Inmates Running the Asylum
Entrepreneurship and a basic understanding of the intersection between art and life are becoming increasingly important in many music curricula around the country, but especially in composition programs. Between self-publishing, creating performance opportunities through the initiation of new ensembles and concert series, managing commissions, and balancing the various challenges that accompany the life of the freelancing artist, composers find themselves in need of a wide swath of experiences outside of the classroom. Slowly over time, programs have been experimenting with ways to incorporate these additional concepts into an already-packed list of requirements. As I am currently smack-dab in the middle of one of those experiments, I thought it might be helpful for me to describe, for your consideration, what one option might be: the student-run-and-organized new music society.
One thing I discovered when I began teaching here at the State University of New York at Fredonia was a long history of active student organizations; for many years, for example, the only jazz ensemble on campus was non-curricular and student-led, yet it had gained a national reputation back in the 1970s as one of the best of its kind. The reason why so many student groups have flourished is because of the university’s Student Association, which has independence and support from the institution’s administration, as well as a history of overseeing a large amount of money that is collected through student fees every semester. This type of organizational structure is not uncommon; most schools have some type of student government with various amounts of responsibility over the funding of student organizations, though usually these groups tend to be social, academic, political, or athletic in nature.
Back in the mid-1970s, my predecessor, Dr. Donald Bohlen, and his students had the idea of creating a student group to help put on student composer concerts. Over time, their group decided to invite a guest composer or performer every year to speak or to perform for the student body. Twelve years ago, the group, under the name Ethos New Music Society, had grown in size and budget to the point where they organized their first “NuSound” Festival over several days to great success. When I started teaching here, they had already amassed an impressive list of guest composers, performers, and ensembles that they had brought to campus, so I attempted to continue these traditions while expanding and diversifying where I could as the organization’s faculty advisor. We now currently sponsor roughly 12-15 events a year, including four student concerts, guest performer and ensemble concerts, as well as composer residencies, both in our NewSound Festival in February and throughout the year with our Overnight Composer Series (“emerging” composers are brought in from around the country for an evening of lectures and flown back the next morning).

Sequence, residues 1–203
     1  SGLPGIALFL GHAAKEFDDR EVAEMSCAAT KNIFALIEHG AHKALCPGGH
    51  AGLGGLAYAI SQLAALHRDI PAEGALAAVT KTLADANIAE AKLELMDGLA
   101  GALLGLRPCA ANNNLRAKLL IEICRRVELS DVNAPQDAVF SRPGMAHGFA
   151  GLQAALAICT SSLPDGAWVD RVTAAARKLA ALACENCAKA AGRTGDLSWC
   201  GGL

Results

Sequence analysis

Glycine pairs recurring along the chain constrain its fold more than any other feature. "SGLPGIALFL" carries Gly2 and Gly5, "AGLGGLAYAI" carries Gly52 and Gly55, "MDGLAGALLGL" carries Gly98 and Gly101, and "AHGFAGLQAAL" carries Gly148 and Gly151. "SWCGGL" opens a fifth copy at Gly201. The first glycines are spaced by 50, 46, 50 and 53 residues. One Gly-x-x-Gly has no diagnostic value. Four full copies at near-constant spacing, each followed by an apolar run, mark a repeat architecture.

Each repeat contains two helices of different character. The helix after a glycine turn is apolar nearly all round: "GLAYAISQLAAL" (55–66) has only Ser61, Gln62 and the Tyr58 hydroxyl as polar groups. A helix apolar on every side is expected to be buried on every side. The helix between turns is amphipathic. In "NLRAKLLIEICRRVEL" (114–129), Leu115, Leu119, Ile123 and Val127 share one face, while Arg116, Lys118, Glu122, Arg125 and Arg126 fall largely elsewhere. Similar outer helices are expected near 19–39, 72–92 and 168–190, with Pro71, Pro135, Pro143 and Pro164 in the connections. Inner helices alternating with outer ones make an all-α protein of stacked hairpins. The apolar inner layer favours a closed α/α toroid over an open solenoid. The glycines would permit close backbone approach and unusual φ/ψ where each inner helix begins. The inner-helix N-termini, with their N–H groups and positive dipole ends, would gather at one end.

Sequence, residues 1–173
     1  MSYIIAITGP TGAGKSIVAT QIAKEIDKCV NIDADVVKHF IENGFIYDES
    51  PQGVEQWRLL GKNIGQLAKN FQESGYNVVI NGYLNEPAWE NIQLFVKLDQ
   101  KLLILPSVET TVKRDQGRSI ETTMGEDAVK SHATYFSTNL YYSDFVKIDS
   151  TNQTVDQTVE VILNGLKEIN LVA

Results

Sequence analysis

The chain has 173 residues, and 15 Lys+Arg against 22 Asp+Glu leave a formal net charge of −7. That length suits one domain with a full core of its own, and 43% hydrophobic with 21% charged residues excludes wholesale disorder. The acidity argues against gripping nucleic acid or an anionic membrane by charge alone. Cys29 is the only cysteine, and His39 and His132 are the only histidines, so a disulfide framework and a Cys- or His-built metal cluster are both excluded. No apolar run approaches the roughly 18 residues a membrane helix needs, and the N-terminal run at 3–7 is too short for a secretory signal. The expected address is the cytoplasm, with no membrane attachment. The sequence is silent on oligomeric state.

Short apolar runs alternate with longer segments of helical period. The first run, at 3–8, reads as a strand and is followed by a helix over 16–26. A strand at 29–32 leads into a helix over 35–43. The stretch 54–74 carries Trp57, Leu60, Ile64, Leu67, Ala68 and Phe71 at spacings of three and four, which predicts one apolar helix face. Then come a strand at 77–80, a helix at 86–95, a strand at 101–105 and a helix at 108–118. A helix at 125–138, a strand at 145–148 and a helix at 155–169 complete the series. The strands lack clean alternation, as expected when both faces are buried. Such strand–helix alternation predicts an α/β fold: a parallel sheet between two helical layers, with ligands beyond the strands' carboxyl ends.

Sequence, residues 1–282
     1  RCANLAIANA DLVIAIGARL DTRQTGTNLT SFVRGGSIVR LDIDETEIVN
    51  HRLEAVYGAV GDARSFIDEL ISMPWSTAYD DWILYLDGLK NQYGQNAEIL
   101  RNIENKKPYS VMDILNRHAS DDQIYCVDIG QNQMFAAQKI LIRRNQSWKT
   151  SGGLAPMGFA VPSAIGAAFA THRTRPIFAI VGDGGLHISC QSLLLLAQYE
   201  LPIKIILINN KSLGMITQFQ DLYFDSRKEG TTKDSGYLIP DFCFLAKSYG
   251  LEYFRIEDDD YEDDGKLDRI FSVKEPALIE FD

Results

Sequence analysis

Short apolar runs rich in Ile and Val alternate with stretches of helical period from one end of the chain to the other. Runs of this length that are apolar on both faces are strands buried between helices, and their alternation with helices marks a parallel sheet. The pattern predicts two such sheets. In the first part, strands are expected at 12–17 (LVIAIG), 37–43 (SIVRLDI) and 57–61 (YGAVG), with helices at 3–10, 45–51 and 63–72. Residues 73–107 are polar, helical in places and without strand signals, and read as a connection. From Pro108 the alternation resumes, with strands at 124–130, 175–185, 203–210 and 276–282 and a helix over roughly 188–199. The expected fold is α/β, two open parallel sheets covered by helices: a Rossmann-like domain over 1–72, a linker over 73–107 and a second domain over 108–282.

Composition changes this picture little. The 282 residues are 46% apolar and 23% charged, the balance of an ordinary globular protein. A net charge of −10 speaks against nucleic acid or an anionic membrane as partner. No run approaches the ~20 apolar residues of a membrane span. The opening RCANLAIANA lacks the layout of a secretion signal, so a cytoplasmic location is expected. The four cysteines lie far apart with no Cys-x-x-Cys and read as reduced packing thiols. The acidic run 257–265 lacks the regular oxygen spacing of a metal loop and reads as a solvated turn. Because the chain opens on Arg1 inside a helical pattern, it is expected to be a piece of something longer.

Now many schools have some version of either student-organized composition concerts or faculty-organized new music festivals—these aren’t new. What is unique about Ethos is the extent to which the students have oversight of the Festival, Overnight Composer Series, and other events that are normally positions reserved for faculty. Built around an executive board of 8-10 elected students, the group helps to decide who’s coming, negotiate contracts, reserve venues, flights, and housing, create itineraries, manage technology (which can get complicated with some of our guests), write press releases and oversee social media publicity, keep the website updated, and many other “real-world” aspects of being a professional in music today. The experiences these students gain is extremely valuable and while many of our alums have gone on to continue their studies in composition, several others have moved on into arts administration because of their time in the group.
As I write this column, students are preparing for two trips to the Buffalo airport later today to pick up composer/violinist Cornelius Dufallo and composer Paola Prestini for their three-day residency here, which will include a concert, lectures, and a pre-concert talk. We’ve already had one concert last weekend with the Chiaroscuro Trio and have four more in the next two weeks, including a visit by Gabriela Lena Frank and the Chiara String Quartet as well as several contemporary concerts featuring our string faculty. Through all of it, the students will get to meet and work with professional composers and performers in a way that is more up close and personal than I’d ever seen before I came here and they will hopefully come away from the Festival with a much more nuanced idea of what it really means to be a professional composer and musician today.
I relate this to you in order to suggest that this situation is replicable at other institutions; by encouraging student involvement and building up a budget through the pre-existing student government on campus (which, by the way, is not affected by the whims of state government or departmental funding needs), I’m quite sure that a similar organization could be started at many universities. By placing more responsibility on the students themselves, especially in regard to time management, publicity, technology, and even budget planning, they will inevitably mature into well-rounded artists who understand the many pitfalls and challenges of surviving as a composer or performer in today’s society.